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Draping Principles and Skills

Connie Amaden-Crawford

Source: The Art of Fashion Draping, 5th Edition, 2018, Fairchild Books Library

Book chapter + STUDIO

Draping principles and skillsDraping is a technique in which DesignDesignersdesigners work with fabric, using a dress form or live model, draping and pinning the pieces together to develop the desired style. Draping is the oldest means of creating clothing. It is an art form in fabric. The techniques by which a designer works to develop a line may vary. Many designers prefer to use draping methods to create their original designs. This is because working with actual materials gives a designer gre

Seams And Seam Finishes

Connie Amaden-Crawford

Source: A Guide to Fashion Sewing, 6th Edition, 2015, Fairchild Books Library

Book chapter + STUDIO

By studying the information in this chapter, the designer will be able to:

Basic Slopers for Wovens Slim-Fit Style versus Classic-Fit Style

Myoungok Kim and Injoo Kim

Source: Patternmaking for Menswear. Classic to Contemporary, 2014, Fairchild Books Library

Book chapter

For functional dress in contemporary daily life, most consumers pick their favorite clothes from ready-to-wear fashions. This departure from the European tradition of couture has occurred because production of an individual order requires a lot of time and money. Every piece of clothing requires a process to convert rectangular fabric into a form useful for human needs. Flat patternmaking is one of the ways to achieve this conversion.

Basic Dress Foundation

Helen Joseph-Armstrong

Source: Draping for Apparel Design, 3rd Edition, 2013, Fairchild Books Library

Book chapter

The dress is draped to fit the dimensions of the dress form or model, and bridges hollow areas between the bust, buttocks, and shoulder blades. Ease is added for comfortable movement without the appearance of stress. The sleeve's center grain should hang slightly forward of the front side seam, and in perfect alignment with a model's stance. The skirt hangs straight from the widest part of the hip and the hem is parallel to the floor. A number of darts control the fit of the garment by taking up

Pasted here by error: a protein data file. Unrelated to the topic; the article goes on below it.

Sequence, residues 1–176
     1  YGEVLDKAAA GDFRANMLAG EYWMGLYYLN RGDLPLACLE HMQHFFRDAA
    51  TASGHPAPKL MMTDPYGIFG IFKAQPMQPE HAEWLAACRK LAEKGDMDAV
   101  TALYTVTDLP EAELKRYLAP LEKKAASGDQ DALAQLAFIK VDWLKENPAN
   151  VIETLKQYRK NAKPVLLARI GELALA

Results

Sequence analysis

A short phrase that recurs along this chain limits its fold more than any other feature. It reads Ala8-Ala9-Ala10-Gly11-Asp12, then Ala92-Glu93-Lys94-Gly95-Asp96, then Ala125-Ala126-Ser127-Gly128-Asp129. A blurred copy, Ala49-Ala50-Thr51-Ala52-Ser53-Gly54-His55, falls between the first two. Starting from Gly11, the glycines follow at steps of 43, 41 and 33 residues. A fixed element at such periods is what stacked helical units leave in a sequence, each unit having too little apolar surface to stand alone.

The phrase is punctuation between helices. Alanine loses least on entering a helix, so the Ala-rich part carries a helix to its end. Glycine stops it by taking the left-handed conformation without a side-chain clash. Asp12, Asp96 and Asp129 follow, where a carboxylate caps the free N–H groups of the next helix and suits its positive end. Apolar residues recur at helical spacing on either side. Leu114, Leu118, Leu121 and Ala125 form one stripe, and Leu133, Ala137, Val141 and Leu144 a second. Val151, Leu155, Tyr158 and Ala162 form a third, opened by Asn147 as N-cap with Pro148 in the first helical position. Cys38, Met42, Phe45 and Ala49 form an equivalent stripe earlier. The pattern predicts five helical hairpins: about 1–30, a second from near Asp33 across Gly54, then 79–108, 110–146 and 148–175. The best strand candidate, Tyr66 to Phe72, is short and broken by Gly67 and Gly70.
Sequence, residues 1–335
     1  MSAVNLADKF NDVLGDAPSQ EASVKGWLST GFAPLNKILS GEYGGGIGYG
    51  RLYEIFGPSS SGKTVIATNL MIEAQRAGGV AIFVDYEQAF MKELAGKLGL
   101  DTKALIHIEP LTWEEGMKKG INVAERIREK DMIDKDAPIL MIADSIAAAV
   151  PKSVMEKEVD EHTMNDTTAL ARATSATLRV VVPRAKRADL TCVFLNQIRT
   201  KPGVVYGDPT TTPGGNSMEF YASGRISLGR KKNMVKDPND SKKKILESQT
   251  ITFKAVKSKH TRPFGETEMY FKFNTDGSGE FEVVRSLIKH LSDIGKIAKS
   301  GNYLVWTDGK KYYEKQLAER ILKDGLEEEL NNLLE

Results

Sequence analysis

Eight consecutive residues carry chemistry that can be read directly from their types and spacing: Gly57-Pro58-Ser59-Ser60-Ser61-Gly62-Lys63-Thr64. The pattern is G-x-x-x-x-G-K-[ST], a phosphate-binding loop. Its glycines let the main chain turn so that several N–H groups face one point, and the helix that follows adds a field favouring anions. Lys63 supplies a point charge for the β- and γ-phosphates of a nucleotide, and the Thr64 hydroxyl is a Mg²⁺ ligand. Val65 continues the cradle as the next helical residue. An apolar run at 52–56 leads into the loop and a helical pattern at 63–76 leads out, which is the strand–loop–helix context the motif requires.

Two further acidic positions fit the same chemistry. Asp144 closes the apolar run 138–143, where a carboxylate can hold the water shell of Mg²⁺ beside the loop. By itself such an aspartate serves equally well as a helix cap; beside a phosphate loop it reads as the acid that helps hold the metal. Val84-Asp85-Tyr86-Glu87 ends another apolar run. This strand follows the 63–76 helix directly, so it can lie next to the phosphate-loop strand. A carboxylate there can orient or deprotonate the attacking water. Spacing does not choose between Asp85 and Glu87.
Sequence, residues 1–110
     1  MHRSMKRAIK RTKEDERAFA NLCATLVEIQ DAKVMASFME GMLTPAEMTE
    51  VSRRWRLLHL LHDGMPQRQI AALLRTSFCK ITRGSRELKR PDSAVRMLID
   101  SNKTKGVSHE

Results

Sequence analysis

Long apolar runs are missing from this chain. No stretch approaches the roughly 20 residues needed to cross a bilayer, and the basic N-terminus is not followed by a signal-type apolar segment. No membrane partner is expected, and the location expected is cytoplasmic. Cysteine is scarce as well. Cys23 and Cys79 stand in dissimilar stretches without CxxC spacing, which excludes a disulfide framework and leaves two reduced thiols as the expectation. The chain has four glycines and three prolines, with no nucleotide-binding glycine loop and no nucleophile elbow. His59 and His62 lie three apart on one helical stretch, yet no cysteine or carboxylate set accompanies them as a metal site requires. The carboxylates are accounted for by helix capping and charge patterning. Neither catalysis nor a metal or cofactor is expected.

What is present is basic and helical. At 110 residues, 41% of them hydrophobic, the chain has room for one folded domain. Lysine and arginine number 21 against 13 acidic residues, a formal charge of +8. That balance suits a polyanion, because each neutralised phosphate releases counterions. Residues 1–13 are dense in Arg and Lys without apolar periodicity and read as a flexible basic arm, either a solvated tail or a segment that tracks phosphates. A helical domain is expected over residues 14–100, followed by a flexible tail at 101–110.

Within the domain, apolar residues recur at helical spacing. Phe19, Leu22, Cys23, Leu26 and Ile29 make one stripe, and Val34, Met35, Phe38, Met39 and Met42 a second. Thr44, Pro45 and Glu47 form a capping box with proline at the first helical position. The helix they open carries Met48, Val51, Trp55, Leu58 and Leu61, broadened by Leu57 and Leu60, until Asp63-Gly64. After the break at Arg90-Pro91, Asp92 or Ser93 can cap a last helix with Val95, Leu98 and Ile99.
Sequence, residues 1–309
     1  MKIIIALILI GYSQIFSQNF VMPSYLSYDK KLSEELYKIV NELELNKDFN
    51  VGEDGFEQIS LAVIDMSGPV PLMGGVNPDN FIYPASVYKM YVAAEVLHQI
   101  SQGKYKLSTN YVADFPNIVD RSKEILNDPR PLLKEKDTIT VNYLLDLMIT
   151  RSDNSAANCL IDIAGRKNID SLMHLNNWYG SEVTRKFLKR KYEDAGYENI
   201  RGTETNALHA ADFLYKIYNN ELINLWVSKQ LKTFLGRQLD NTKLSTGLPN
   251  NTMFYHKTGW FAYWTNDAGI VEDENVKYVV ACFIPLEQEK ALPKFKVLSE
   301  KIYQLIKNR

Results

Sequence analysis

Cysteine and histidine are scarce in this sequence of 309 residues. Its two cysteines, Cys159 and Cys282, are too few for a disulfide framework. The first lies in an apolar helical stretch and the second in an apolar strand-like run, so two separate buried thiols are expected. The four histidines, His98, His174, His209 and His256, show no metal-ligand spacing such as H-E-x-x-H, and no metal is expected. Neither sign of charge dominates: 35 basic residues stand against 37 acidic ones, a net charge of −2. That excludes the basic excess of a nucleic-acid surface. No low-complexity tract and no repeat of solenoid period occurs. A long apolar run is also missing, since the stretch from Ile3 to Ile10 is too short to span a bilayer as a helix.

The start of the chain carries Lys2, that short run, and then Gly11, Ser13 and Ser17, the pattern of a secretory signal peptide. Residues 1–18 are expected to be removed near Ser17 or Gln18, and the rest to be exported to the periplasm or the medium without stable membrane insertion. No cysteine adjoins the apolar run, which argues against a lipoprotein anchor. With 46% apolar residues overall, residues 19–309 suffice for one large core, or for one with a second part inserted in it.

Patternmaking Process

Nora M. MacDonald

Source: Principles of Flat-Pattern Design, 4th Edition, 2010, Fairchild Books Library

Book chapter

To formulate apparel designs for industry, flat design sketches (flats) are developed for the front; only if the back has a lot of detail will it be sketched. The first pattern maker will make a pattern for the front and back. Design ideas may be developed using the front and back croquis figures that are included in the back pocket of this book. As the designs are sketched, all details such as fabric, facings, garment entry and closures, trims, fitting devices such as darts and gathers, and so f

Completing a Pattern

Catherine Black

Source: Modaris and Diamino for Apparel Design, 2008, Fairchild Books Library

Book chapter

F1>Points>Add Point adds a characteristic point or a curve point at a relative distance from a reference or point. Click on a point, and then move the cursor to a new position and click.

Principles of Pattern-Drafting

Keith Richardson

Source: Designing and Patternmaking for Stretch Fabrics, 2008, Fairchild Books Library

Book chapter

This chapter introduces the reader to the principles and practices of stretch patternmaking. While previous patternmaking experience will help in understanding these concepts, the occasional, or new, patternmaker will greatly benefit from seeing how stretch patternmaking differs from conventional patternmaking. In many ways, stretch patternmaking is simpler.

Introduction to Patternmaking

Lori A. Knowles

Source: The Practical Guide to Patternmaking for Fashion Designers Menswear, 2005, Fairchild Books Library

Book chapter

This chapter will introduce students of fashion design and patternmaking to the industry’s terms, tools, and equipment. Basic information about the type of paper used for patternmaking, fabric grainlines, pattern labeling, seam allowance, hem allowance, pattern marking, grading a size range, and names of the body form parts will prepare students to proceed through the rest of the chapters. Students who have extensive knowledge of sewing using commercial patterns will find that the fashion manufac

Introduction to Patternmaking

Lori A. Knowles

Source: The Practical Guide to Patternmaking for Fashion Designers: Juniors, Misses, and Women, 2005, Fairchild Books Library

Book chapter

Patternmaking = pattern drafting, pattern draping, and flat patternmaking

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